Baby Rollercoaster

8 December 2021

Baby Rollercoaster: The Unspoken Secret Sorrow of Infertility
by Janice Colven
Published by Wood Dragon Books
Review by Shelley A. Leedahl
$19.99 ISBN 9-781989-078587

I’ve just had the pleasure of reading the well-written, beautifully designed, highly personal and informative book by teacher/ranch wife/writer Janice Colven about her lifelong yearning to be a mother and her seven-year journey on the rollercoaster that is infertility. Throughout the candid, 207-page story, Colven uses the extended metaphor of a rollercoaster to parallel the ups and downs she and her husband experienced during this painful time, and the book’s title—Baby Rollercoaster: The Unspoken Secret Sorrow of Infertility—reflects their hopeful highs and heart-breaking lows.

Colven writes that she’s always dreamed of becoming a mother. As a child she “loved baby dolls and everything that went with them,” and her “loving and nurturing spirit” even extended to the prairie girl wrapping a dead gopher “in a soft, pink blanket” and strolling it as one would a baby. Later she practised her maternal skills on younger siblings. “We buy the map to motherhood and have the trip planned down to the smallest detail,” she writes.

In her introduction Colven shares that she wrote this “for the women who are walking the same infertility path,” and “to provide insight” for those women who “love and support us through infertility”. Infertility’s a prevalent problem: “one in six women” struggle with it.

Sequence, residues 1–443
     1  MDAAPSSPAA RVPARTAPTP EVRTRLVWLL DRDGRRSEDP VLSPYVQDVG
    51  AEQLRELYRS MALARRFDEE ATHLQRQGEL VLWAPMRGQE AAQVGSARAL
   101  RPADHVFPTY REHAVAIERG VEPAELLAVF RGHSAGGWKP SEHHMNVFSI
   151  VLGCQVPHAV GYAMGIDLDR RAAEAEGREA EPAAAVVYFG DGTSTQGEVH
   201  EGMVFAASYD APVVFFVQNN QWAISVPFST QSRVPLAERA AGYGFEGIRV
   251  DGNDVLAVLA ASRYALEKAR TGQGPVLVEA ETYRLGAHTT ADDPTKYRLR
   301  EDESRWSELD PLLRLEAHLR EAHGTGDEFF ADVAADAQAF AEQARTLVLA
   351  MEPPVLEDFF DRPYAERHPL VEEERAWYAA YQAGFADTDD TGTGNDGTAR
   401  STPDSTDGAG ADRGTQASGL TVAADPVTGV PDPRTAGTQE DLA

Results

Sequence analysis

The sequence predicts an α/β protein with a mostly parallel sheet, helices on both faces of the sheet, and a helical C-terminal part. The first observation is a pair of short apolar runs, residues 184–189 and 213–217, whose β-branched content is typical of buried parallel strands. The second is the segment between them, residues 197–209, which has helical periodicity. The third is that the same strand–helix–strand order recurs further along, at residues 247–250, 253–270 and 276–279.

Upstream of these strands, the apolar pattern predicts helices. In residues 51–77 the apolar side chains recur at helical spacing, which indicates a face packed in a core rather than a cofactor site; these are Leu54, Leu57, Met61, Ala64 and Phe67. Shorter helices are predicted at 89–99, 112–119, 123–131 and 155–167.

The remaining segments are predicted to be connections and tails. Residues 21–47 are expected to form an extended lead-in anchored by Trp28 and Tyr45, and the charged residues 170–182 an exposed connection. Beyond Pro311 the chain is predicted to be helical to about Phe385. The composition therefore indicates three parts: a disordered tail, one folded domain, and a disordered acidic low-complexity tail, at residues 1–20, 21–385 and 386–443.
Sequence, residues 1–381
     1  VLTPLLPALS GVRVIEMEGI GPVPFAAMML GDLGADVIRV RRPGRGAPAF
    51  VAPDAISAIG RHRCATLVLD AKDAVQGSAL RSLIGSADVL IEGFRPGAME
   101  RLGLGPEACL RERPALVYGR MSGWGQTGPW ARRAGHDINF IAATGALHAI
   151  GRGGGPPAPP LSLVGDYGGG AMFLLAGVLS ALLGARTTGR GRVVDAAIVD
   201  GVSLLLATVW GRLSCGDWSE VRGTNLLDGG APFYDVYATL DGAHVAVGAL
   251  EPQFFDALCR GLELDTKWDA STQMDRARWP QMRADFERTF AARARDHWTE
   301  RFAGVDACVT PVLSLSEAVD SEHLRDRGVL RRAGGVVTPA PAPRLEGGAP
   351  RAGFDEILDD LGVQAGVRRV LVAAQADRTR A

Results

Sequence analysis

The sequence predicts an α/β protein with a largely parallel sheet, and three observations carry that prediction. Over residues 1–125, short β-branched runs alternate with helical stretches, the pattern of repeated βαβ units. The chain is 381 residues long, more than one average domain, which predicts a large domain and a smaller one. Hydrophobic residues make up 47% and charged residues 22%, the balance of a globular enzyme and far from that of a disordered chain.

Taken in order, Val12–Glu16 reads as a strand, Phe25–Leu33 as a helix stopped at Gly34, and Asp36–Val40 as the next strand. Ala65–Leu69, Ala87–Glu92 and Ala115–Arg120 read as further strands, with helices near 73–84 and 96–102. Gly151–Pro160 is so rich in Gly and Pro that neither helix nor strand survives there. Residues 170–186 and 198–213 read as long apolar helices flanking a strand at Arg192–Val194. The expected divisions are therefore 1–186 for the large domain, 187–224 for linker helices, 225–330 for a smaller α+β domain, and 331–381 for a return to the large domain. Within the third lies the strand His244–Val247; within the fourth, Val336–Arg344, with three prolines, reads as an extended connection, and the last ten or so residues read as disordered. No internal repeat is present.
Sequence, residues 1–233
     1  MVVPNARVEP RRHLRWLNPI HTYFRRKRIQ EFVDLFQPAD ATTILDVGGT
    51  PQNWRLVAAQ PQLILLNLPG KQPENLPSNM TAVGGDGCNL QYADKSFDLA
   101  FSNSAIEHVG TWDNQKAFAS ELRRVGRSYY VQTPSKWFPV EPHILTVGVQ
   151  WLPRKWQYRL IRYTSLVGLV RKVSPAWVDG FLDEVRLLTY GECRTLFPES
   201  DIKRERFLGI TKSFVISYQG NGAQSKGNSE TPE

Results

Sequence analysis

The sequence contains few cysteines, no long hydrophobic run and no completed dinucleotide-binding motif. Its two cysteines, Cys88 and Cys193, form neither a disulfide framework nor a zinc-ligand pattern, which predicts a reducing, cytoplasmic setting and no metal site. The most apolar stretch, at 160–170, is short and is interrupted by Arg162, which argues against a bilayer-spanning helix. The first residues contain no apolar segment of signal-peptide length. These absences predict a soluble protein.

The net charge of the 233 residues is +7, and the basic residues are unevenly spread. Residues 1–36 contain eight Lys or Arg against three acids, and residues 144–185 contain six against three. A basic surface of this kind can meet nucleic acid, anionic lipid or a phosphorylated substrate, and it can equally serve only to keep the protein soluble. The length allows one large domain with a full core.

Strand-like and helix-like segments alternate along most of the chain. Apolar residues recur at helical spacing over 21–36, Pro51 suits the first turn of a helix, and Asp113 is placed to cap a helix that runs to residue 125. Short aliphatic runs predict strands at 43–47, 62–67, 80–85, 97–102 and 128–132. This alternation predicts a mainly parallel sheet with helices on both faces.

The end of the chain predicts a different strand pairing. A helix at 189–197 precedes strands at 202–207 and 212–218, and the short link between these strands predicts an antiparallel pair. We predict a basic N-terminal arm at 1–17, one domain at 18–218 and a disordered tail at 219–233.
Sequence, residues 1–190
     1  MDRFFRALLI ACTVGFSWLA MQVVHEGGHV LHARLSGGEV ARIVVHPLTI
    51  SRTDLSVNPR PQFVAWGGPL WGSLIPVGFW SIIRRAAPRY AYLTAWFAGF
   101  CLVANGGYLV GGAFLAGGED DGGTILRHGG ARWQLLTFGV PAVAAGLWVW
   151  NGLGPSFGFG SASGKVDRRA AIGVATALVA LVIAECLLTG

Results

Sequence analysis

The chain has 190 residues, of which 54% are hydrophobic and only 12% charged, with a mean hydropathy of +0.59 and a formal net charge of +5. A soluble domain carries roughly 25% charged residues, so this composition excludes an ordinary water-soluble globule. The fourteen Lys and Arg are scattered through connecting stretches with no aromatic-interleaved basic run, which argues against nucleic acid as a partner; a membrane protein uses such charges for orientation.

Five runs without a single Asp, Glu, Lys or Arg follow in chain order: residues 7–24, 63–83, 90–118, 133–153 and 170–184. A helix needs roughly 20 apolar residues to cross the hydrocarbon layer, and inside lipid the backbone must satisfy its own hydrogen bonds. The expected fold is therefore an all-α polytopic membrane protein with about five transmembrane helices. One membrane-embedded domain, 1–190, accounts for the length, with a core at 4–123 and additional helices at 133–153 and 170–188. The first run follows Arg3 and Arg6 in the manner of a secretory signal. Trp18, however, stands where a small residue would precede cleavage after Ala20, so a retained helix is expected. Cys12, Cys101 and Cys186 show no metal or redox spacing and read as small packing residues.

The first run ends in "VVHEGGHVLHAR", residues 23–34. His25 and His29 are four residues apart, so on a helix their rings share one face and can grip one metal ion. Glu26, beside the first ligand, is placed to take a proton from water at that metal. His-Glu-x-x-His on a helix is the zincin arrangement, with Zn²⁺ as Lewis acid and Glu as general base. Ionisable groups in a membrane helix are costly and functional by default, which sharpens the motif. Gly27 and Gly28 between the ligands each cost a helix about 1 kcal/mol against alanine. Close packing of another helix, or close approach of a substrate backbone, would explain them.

The story includes anecdotes about Colven’s first teaching job—“in a one-tumbleweed town”—and it details how she met her husband; her initial suspicions about infertility (“After one year of spinach eating, laying with my legs in the air, ovulation tracking, and college-level trying”); and her preposterous interactions with a local doctor (“Dr. Mustache”). (Colven gives her medical professionals funny, fictitious names, including Dr. Straight Shooter and Dr. Lucky Strike.) We learn about her diagnosis of endometriosis and a seven-hour surgery to remove uterine tumours, and later her unfruitful and expensive dance with in vitro fertilization (IVF), but the medically-themed chapters are interspersed with chapters about growing up on a farm, where the author and her brother had to rogue (walk “arm length to arm length through a field of flowering mustard plants” to uncover “defective or inferior plants”); teaching; and the writer’s relationship with her much more adventurous younger sister, Rhonda, who becomes her egg donor.

The book is seamlessly organized, and includes many sentences that are zingers, ie: “My marriage was in trouble” and “Fertility is a business, and it preys on childless women when we are most vulnerable” .

When grasping at hope, signs like a single apple on a previously “barren” tree carried huge meaning for the writer. She writes about her tremendous guilt at not being able to conceive, and frequently offers support to others. A section on what not to say to a woman or couple without children is most helpful, and readers will appreciate the nod toward other empowering books.

American psychologist Carl Roger’s said “the most personal is the most universal,” and that’s why we need books like Baby Rollercoaster. They connect us with humanity. They let us know we’re not alone.


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